- Guided meditation involves listening to a recording or a live person who helps you achieve a state of relaxation while meditating. This technique may also use breathing techniques and imagery such as focusing on a specific image, thought, or address a specific issue while in a calm state. With time, guided meditation will help you relax and ease tension.
- Yoga has been practiced for centuries; With this technique, one focuses on breathing and body position to attain a state of relaxation. However, yoga does require good technique and you may find it to have a learning curve. A great thing about yoga is that it can be practiced anywhere at any time and does not require any fancy equipment – just a comfortable yoga mat.
- Combining mindfulness and cognitive therapies: Some individuals with pain and stress may also benefit from the combined use of cognitive-behavioral therapy with a licensed practitioner along with mindfulness therapies.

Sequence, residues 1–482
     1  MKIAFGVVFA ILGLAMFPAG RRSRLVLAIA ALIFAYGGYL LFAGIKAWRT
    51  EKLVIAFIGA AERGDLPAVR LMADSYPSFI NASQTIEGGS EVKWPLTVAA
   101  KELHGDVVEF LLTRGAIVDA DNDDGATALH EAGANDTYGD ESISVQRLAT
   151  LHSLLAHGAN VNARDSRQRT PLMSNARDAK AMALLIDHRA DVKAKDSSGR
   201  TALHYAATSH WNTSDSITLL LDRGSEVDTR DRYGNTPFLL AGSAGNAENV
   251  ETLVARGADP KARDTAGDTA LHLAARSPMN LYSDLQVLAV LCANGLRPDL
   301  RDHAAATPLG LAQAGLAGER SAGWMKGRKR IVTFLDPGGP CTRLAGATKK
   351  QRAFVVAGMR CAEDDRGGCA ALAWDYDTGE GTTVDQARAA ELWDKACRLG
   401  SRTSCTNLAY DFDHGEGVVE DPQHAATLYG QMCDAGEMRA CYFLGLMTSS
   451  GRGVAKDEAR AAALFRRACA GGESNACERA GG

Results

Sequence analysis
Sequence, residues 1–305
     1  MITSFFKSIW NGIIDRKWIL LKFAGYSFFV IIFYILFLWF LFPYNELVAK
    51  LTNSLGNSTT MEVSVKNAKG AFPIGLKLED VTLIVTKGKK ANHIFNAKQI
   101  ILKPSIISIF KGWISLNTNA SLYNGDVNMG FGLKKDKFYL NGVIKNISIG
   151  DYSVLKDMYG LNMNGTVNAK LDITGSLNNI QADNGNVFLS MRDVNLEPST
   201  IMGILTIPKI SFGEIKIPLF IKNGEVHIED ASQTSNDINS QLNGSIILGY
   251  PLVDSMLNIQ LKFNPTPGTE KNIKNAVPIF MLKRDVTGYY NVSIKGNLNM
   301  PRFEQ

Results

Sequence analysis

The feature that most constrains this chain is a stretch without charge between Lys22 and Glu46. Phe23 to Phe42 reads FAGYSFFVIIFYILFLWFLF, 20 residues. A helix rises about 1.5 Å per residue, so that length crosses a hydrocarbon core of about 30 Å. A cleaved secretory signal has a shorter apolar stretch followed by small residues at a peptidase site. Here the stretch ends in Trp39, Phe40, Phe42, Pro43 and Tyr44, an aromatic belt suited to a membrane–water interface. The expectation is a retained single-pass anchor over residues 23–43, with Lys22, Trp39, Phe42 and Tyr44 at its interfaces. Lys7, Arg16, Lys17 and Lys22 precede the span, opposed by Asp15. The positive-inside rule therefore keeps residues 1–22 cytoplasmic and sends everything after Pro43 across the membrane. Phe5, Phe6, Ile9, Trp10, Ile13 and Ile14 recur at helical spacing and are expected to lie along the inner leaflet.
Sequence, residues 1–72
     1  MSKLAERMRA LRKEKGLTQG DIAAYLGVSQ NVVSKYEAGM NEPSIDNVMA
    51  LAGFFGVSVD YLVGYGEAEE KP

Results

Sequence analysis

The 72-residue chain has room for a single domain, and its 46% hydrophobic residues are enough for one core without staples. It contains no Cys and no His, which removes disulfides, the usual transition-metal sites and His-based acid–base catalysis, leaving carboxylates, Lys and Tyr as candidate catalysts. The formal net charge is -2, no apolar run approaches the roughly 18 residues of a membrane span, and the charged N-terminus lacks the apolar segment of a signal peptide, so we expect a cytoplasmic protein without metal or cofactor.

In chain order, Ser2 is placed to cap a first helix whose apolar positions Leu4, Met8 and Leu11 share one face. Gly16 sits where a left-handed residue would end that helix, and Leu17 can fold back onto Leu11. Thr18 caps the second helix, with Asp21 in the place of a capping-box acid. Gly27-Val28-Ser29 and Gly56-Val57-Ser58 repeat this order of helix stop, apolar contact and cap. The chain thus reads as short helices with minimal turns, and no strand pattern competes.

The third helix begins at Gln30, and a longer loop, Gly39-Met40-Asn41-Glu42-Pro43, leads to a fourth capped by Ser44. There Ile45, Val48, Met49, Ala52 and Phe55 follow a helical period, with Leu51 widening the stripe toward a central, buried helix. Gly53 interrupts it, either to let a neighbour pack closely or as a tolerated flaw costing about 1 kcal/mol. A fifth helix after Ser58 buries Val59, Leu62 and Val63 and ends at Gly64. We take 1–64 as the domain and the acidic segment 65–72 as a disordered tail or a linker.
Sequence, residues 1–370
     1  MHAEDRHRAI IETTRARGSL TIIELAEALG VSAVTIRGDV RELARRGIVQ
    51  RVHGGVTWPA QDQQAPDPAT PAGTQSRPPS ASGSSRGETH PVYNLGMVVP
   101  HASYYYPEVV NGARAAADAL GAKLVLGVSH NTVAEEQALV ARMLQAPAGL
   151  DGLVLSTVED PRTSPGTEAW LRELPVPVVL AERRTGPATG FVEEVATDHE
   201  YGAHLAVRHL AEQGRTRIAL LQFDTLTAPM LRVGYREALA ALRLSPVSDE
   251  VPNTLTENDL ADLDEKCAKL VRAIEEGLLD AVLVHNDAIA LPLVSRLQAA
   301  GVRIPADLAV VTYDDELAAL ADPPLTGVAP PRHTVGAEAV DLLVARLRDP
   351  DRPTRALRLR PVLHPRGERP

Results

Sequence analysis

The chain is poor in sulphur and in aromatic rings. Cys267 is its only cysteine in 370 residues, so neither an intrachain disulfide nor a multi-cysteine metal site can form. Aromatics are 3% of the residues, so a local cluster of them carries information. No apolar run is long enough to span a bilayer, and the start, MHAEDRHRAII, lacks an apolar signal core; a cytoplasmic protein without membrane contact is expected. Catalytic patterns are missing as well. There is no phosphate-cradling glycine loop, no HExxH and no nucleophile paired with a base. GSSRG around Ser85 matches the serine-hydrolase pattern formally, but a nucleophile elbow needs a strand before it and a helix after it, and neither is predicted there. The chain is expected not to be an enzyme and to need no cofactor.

How does mindfulness ease chronic pain?
The exact mechanism whereby mindfulness eases pain is not known but the following actions may be playing a role:
- Distraction from the noxious stimuli
- Prevention of mind wandering
- Sustained attention
- Ability to redirect focus
- Modulating emotions
- Shifting the nervous system into a parasympathetic state
To achieve the benefits of mindfulness, it is important to understand that this is not a one-shot deal but must involve a change in lifestyle and dedication. Mindfulness should be practiced regularly to achieve the benefits and can even be combined with traditional pain therapies for maximal benefits. The technique can be performed anywhere and at any time. Practitioners of mindfulness should be aware that the benefits of mindfulness do not appear overnight but may take several days or weeks. For those who remain dedicated to mindfulness the rewards are immense – not only will the perception of pain be reduced but the quality of life will improve, and these benefits are enduring.